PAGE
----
BARUA YA BARAZA: Taking a Stand on the Finance Bill and The Baraza Opportunity Board.

BARUA YA BARAZA: From the Curator’s Desk

Greetings, friends:
This past week, Baraza Media Lab was happy to host a ‘Creative Economy Town Hall’, which was the start of leading organizations from Kenya’s creative industry coming together to present a joint memorandum to the National Assembly. This document addresses several concerns about the proposed Finance Bill 2024 and represents the voices of over 8,000 creative professionals in fields such as film, music, visual arts, and literature.

Our creative sector is a big deal—it makes up 5% of Kenya’s GDP, creates jobs, and speaks to what it means to be Kenyan. However, some proposals in the new Finance Bill are detrimental to the industry’s thriving. Here’s a quick rundown of the key issues, and why they matter:


  • Excise Duty on Airtime and Data: This could hurt digital content creators who rely on these services, such as musicians for whom a chunk of their earnings come from the Safaricom’s Skiza platform.
  • Eco Levy on Equipment: Levies on cameras and recording gear will make it more expensive to produce quality content.
  • Relief Limit Cut: Reducing the tax relief for smaller creators means they’ll have a tougher time making ends meet.
  • Digital Service Tax: A steep 20% tax could scare off global platforms from investing in Kenyan content.
  • Sports Exemptions: Removing exemptions for amateur sports organizations could hurt grassroots sports development.


The memo (you can read it in full here) also calls for the digital marketplace to be declared a Special Economic Zone, providing necessary public investment and incentives. This isn’t without precedent: South Korea immediately comes to mind, which has heavily invested in its creative industry over the past few decades. The South Korean government implemented policies and allocated substantial funds to support K-pop, film, and television production. As a result, in 2020 South Korea’s cultural exports were valued at approximately $10 billion, and the entertainment industry has played a crucial role in enhancing the country’s global cultural influence and soft power.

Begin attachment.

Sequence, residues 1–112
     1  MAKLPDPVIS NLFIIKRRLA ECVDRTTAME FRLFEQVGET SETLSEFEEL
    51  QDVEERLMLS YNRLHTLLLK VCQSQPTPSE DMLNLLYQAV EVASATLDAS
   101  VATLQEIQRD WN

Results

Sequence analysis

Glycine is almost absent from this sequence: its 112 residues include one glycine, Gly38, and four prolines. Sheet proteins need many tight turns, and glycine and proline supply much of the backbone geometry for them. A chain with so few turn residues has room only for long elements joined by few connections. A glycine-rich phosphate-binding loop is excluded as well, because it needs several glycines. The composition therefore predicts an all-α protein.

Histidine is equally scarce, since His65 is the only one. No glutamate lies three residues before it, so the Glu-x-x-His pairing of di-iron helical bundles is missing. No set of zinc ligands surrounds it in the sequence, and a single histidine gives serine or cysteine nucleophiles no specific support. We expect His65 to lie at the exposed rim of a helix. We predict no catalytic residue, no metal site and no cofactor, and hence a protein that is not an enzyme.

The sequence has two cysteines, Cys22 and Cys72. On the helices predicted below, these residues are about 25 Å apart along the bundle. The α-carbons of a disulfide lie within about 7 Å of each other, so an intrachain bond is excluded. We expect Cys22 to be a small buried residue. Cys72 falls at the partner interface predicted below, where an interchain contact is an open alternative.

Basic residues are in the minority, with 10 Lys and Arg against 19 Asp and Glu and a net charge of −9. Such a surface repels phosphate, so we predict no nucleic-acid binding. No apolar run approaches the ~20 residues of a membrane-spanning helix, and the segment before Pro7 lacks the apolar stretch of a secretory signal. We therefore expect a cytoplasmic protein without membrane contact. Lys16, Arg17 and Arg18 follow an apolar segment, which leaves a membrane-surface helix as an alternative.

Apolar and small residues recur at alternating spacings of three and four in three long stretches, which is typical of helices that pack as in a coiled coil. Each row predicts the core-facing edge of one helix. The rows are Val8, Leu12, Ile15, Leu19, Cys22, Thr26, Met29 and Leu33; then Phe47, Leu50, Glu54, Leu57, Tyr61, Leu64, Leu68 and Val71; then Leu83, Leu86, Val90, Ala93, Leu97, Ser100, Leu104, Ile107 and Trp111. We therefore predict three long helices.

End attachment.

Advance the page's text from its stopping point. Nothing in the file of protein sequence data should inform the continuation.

So here’s what we want to to do: call, tweet or otherwise contact your MP to reject the highlighted proposals in Parliament, and use their position to support an innovative and competitive creative industry. What we need is their vote on the floor of the House, and not empty platitudes.

In the meantime, here’s:

What I’m Reading: Some say AI will make war more humane. Israel’s war in Gaza shows the opposite. This is the most terrifying thing I’ve read in a very long time. We are actually living in a real-life Black Mirror episode. Of note is that one of the two AI systems that guide Israeli missiles in Gaza is called ‘The Gospel’. Not making this up.

What I’m Watching: The Bahati’s Empire, on Netflix. Supporting Kenyan content (but also, wueh! Let’s discuss behind the tent.)

What I’m Listening To: Ceduction, by master producer Cedo. It’s really refreshing to see more of him in front of the mic, and not just working behind the scenes.


My best,

Christine Mungai

Curator | Baraza Media Lab

🚀 Tackling the challenge of accessing media and creative opportunities across Africa head-on.
At Baraza, we recognize the struggle many face in finding meaningful roles and opportunities in the industry. To address this, we’re pioneering a solution: the Baraza Opportunity Board. Designed as an experimental platform, it aims to consolidate a diverse range of opportunities, from full-time positions, and residencies to freelance gigs and mentorship programs. Preview the curated opportunities below and visit the platform to view the full list.

Click here to view opportunities.

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